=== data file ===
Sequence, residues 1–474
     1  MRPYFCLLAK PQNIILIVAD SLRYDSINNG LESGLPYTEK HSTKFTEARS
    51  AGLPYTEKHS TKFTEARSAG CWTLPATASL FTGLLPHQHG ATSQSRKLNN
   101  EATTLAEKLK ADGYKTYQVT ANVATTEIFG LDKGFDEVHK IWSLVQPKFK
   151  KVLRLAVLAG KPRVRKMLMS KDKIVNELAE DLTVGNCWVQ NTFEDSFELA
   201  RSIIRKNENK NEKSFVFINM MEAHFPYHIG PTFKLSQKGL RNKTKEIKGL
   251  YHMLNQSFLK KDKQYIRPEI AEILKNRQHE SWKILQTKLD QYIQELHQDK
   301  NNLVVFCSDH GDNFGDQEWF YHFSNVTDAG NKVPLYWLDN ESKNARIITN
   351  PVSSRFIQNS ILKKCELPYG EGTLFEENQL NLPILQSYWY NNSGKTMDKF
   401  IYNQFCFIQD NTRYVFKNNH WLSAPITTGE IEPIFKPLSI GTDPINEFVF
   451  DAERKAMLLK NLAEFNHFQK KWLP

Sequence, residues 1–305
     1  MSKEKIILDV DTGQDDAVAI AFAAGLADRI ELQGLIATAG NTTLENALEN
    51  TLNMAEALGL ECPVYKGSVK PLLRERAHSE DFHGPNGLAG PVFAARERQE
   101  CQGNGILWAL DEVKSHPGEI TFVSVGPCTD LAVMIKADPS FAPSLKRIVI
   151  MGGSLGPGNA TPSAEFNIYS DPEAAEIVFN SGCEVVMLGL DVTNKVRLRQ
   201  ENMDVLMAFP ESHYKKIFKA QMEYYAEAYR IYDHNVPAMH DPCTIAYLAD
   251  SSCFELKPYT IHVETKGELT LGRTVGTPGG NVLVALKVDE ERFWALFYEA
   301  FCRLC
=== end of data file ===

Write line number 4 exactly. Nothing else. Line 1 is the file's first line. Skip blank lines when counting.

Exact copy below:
   101  EATTLAEKLK ADGYKTYQVT ANVATTEIFG LDKGFDEVHK IWSLVQPKFK